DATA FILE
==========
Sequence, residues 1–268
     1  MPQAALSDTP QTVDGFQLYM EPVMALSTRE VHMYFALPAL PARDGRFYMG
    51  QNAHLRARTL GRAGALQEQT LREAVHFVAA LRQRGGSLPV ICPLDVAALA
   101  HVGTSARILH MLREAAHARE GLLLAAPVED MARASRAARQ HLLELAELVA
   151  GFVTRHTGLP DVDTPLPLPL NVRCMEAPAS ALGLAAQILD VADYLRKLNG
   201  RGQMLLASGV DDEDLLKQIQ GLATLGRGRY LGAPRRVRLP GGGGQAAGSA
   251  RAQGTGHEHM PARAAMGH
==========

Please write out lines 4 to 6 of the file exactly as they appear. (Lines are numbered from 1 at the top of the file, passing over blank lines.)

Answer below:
   101  HVGTSARILH MLREAAHARE GLLLAAPVED MARASRAARQ HLLELAELVA
   151  GFVTRHTGLP DVDTPLPLPL NVRCMEAPAS ALGLAAQILD VADYLRKLNG
   201  RGQMLLASGV DDEDLLKQIQ GLATLGRGRY LGAPRRVRLP GGGGQAAGSA